The concept of kendo in action

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The following is a translation of an extremely interesting hand written note given to Jim Gucciardo (NYC kendo club) by Nishino Goro hanshi in 1998.

Nishino Goro hanshi was born in 1923 in Kochi prefecture. After graduating from Tokyo Normal Higher School he became a school teacher in Hokkaido. After the war he returned to his home prefecture and worked as a high school teacher. He has taken part in the Senshuken Taikai (“All Japans”), the kyoshokuin taikai (All Japan teachers championshop), kokutai, etc. He is the honourary kendo teacher of Kochi Prefectures Medical University.

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Sinister Swordsmanship

Tensetsu-ransetsuIt’s a not uncommon sight on sword-related forums these days. An aspiring student of the Japanese sword arts, left-handed, joins the forum and asks about studying ken (be it kendo, iaido, or aiki-ken) with a left-handed grip. He is quickly informed that no, Japanese swordsmanship is a right-handed affair, that all Japanese swordsman were right-handed, saya were worn on the right and saya-ate avoided at all costs, and trying to learn it left-handed would be weird at best, uncouth and disrespectful at worst. Veteran lefties give him “Ganbare! I’ve been there, too!” encouragement. Righties tell him about all the things he’ll find easier because he’s lefty. Sometimes the lefty responds with resignation, and sometimes he rages against the system. The left-handed grip is natural for them! This adherence to right-handed grip only is outmoded, discriminatory, and stupid! This, predictably, turns just about everyone against him, lefty and righty alike. Continue reading Sinister Swordsmanship

So you want to research traditional ryuha?

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“I am doing some research on Iroha ryu and I am wondering if anyone can recommend any good books or websites….” Anyone who has spent some time on the various forums and mailing lists involved in traditional Japanese martial arts has seen comments such as these. Such requests are not surprising given the fact that traditional Japanese martial arts come from an outside culture where we have often little to no point of reference on which to base our initial assumptions (let’s not get into the whole Hollywood movie argument now). The desire to learn more about the activity we are putting so much time and effort into is natural and of course I would encourage all practitioners to find out as much as they can, especially concerning the ryu in which they are actively involved. One thing we can never have too much of is knowledge after all.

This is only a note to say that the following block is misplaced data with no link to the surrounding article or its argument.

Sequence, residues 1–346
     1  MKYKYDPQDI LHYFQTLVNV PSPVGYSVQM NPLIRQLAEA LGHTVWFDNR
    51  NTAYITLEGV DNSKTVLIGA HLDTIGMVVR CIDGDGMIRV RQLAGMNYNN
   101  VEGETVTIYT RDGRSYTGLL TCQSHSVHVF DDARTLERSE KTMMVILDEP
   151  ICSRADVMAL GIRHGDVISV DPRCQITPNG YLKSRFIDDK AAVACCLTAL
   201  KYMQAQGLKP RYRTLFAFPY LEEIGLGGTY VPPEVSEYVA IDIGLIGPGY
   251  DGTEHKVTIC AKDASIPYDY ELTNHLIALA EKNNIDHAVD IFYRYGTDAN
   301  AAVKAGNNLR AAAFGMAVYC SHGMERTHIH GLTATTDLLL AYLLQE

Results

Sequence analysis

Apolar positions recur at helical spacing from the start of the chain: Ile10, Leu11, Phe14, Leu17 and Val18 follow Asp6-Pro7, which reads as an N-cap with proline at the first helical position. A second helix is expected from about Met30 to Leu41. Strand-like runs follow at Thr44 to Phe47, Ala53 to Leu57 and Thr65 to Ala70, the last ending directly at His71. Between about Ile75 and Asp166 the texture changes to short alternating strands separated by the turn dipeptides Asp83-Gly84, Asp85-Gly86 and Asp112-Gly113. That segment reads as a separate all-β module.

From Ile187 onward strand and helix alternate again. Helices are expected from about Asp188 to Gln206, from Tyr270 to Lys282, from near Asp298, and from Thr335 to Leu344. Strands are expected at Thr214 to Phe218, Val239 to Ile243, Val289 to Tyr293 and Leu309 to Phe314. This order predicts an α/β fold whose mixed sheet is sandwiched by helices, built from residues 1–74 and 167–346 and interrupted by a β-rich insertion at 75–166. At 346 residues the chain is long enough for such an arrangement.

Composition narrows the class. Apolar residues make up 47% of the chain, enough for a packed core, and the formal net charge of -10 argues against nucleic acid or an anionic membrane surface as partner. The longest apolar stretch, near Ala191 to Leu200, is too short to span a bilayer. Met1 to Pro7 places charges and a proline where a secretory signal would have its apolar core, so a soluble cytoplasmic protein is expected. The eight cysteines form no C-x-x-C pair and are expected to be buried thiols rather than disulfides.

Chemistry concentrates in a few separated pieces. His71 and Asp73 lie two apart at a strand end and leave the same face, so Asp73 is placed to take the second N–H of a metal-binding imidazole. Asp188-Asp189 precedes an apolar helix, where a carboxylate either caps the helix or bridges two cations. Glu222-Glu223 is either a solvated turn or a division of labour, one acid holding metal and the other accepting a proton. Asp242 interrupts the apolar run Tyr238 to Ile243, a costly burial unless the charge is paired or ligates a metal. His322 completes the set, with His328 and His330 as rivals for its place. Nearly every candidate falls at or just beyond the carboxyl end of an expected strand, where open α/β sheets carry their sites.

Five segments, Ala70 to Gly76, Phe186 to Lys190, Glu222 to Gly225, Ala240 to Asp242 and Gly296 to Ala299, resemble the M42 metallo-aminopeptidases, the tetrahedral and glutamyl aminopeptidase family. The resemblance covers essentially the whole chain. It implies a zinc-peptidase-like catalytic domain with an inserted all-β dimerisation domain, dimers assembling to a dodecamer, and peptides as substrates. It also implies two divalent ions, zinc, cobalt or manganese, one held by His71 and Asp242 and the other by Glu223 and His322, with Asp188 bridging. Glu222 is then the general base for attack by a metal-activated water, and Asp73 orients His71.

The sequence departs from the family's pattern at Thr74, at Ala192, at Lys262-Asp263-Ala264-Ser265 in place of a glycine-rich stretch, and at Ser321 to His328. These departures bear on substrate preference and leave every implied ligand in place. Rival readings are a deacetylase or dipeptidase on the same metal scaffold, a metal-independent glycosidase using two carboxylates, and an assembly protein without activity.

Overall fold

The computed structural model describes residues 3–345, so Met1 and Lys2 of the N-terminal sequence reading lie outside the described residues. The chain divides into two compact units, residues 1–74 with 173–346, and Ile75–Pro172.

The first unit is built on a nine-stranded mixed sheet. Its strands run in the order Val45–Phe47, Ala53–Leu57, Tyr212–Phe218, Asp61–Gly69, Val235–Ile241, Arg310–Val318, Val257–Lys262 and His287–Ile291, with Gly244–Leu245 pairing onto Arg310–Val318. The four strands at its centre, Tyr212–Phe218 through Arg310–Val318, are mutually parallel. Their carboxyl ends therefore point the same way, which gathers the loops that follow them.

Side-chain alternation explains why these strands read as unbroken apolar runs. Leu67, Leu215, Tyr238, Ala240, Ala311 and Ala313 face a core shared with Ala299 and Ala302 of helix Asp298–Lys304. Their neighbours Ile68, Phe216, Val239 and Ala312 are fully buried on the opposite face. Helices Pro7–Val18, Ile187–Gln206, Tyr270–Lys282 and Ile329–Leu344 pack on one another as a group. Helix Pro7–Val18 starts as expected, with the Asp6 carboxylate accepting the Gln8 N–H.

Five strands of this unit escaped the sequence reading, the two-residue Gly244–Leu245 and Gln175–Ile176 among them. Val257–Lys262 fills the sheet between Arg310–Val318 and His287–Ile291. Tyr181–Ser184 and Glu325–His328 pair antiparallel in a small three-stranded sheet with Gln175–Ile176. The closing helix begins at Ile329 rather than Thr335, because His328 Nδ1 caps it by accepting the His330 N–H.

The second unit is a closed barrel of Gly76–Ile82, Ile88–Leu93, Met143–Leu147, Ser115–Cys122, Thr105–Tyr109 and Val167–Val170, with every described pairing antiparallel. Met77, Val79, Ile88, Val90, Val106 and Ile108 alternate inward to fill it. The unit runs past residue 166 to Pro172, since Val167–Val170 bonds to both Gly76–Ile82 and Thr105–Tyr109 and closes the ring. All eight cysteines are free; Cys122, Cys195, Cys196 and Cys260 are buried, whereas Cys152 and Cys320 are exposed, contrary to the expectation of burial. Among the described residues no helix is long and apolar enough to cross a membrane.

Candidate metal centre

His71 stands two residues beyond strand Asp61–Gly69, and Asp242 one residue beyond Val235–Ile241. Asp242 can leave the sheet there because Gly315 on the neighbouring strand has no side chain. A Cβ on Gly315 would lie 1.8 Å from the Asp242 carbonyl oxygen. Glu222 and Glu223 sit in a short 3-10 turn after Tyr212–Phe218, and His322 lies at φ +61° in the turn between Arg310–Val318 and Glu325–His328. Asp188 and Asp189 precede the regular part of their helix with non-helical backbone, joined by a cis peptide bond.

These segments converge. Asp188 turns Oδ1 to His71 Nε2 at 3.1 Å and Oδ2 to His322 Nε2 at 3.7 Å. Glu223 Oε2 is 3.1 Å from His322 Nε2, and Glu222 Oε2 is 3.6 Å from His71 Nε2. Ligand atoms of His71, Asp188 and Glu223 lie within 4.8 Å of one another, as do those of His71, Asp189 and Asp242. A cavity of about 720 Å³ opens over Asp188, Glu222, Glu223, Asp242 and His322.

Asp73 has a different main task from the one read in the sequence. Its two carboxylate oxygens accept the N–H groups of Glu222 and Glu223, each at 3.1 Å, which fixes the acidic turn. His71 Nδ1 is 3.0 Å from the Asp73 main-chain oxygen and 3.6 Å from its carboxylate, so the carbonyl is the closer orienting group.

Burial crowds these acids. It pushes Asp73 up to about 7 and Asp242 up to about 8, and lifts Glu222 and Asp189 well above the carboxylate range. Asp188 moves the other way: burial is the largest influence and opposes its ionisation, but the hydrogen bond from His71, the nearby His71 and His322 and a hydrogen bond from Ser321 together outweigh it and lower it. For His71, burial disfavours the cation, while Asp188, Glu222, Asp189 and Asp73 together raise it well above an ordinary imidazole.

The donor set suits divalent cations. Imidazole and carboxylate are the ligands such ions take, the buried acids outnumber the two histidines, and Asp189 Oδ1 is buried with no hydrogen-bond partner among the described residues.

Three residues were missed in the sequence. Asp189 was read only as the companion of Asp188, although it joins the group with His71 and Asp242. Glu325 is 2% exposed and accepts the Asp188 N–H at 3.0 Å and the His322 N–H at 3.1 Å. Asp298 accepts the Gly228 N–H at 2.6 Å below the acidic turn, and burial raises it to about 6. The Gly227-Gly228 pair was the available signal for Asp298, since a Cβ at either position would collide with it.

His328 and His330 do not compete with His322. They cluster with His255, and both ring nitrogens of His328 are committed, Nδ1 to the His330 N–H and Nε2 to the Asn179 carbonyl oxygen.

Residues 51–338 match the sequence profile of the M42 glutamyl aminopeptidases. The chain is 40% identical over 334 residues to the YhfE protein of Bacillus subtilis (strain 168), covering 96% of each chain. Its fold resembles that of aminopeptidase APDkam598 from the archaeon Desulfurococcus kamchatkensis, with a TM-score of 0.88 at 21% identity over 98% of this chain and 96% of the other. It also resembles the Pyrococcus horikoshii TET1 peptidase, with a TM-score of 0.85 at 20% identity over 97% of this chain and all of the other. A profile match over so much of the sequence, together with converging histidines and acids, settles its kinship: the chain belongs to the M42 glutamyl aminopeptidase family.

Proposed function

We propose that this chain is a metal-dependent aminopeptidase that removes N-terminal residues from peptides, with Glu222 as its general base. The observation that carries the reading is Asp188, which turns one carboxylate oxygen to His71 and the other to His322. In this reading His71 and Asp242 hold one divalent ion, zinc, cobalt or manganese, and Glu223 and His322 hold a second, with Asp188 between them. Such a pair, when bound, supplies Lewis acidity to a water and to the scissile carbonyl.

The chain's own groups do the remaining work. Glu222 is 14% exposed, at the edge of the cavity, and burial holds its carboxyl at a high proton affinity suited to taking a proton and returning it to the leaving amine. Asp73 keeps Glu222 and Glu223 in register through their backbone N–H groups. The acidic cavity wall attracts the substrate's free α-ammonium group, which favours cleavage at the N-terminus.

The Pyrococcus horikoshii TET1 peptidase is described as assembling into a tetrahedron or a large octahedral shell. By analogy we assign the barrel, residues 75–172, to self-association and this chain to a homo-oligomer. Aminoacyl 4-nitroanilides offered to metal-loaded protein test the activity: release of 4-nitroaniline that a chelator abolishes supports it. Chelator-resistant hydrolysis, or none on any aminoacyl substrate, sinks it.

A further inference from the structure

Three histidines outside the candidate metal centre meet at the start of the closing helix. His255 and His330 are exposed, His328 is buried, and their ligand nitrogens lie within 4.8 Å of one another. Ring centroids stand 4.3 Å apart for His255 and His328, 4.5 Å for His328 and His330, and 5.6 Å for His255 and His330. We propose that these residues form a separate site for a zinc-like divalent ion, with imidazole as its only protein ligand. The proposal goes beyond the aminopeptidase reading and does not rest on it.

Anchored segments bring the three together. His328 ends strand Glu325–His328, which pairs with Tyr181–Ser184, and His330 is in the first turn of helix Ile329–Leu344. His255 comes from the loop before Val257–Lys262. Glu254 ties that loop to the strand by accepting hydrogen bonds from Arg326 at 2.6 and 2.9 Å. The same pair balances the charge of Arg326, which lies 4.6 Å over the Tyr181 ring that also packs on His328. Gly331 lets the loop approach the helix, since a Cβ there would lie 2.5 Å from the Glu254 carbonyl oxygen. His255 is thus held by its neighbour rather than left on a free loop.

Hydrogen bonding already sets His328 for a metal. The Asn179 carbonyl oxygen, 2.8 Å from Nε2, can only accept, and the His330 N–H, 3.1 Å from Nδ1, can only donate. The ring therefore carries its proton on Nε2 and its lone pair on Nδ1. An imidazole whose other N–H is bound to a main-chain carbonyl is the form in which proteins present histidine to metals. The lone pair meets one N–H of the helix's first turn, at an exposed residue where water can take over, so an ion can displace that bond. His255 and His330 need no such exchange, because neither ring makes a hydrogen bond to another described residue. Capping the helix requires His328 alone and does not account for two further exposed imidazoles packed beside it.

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The How of Co-creation

After three years in Japan, I went back to the States and back to school, doing a BA in Psychology, particularly focusing on social and cultural psychology. I was quite fascinated at the idea of Japanese and other East Asian cultures thinking and even perceiving the world differently. Returning to Japan in 2005, I had a vague idea of wanting to get insight into that way of thinking, take what I could from it, and integrate it with my own Western way of thinking. The best of both worlds. But I had no idea how to really do that, other than living in Japan and picking it up via osmosis.

Not long after I joined Shinkage Ryu, one highly respected senior showed me a book, and suggested I read it. The book was by Professor Shimizu Hiroshi, and the title was (translating from the Japanese): The Theory of Ba (Place) As Life-Knowledge: the how of co-creation as seen through Yagyu Shinkage Ryu. Continue reading The How of Co-creation

En 縁

On May 1st, 2007, I walked into the No. 2 Arena of the Tempaku Sports Center, in Nagoya, Japan. An elder gentlemen in a kendo-gi and hakama noticed me, politely smiled, bowed, and indicated the spectator seating with his hand. I sat down and observed Mr. Yagyu Koichi and another gentleman practice Sangaku En-no-Tachi, the quintessential form of (Yagyu) Shinkage Ryu. It was my first time to see Shinkage Ryu kata, and it was absolutely unlike anything I was expecting. I was especially impressed when the elder gentleman who greeted me practiced with Yagyu Sensei. Their zanshin, their intensity was amazing. They seemed ready to strike at any time. I was hooked, and after talking Yagyu Sensei and a few other long time practitioners, I resolved to join the Yagyukai, intending to attend the next practice on the 6th.

That practice never happened. On May 4th, 2007, Yagyu Nobuharu, the 21st soke of Yagyu Shinkage Ryu, passed away. I have the dubious distinction of being the first deshi after his death.

It didn’t have to be that way.

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